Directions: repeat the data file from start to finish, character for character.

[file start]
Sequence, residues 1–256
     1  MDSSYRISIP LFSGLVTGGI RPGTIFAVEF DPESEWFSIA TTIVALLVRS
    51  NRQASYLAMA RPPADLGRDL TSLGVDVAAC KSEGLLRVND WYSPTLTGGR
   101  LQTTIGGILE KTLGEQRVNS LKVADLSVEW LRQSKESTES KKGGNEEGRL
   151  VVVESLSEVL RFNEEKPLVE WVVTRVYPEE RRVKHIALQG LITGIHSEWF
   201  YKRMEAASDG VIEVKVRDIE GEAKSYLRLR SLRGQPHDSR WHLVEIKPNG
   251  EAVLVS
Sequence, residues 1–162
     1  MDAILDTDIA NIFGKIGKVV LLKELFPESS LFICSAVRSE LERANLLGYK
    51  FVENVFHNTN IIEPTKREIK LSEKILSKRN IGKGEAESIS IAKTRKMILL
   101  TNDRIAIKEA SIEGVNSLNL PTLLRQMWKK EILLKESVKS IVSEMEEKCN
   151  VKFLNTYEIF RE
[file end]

Sequence, residues 1–256
     1  MDSSYRISIP LFSGLVTGGI RPGTIFAVEF DPESEWFSIA TTIVALLVRS
    51  NRQASYLAMA RPPADLGRDL TSLGVDVAAC KSEGLLRVND WYSPTLTGGR
   101  LQTTIGGILE KTLGEQRVNS LKVADLSVEW LRQSKESTES KKGGNEEGRL
   151  VVVESLSEVL RFNEEKPLVE WVVTRVYPEE RRVKHIALQG LITGIHSEWF
   201  YKRMEAASDG VIEVKVRDIE GEAKSYLRLR SLRGQPHDSR WHLVEIKPNG
   251  EAVLVS
Sequence, residues 1–162
     1  MDAILDTDIA NIFGKIGKVV LLKELFPESS LFICSAVRSE LERANLLGYK
    51  FVENVFHNTN IIEPTKREIK LSEKILSKRN IGKGEAESIS IAKTRKMILL
   101  TNDRIAIKEA SIEGVNSLNL PTLLRQMWKK EILLKESVKS IVSEMEEKCN
   151  VKFLNTYEIF RE